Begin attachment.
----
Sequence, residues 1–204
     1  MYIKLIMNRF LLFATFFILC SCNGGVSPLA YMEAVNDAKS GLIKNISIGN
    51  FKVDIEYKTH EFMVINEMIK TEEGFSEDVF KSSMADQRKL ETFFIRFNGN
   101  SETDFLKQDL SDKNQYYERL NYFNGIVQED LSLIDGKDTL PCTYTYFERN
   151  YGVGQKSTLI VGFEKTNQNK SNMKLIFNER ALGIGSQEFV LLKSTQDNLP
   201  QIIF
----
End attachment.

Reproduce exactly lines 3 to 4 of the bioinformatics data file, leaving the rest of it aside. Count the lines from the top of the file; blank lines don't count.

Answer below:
    51  FKVDIEYKTH EFMVINEMIK TEEGFSEDVF KSSMADQRKL ETFFIRFNGN
   101  SETDFLKQDL SDKNQYYERL NYFNGIVQED LSLIDGKDTL PCTYTYFERN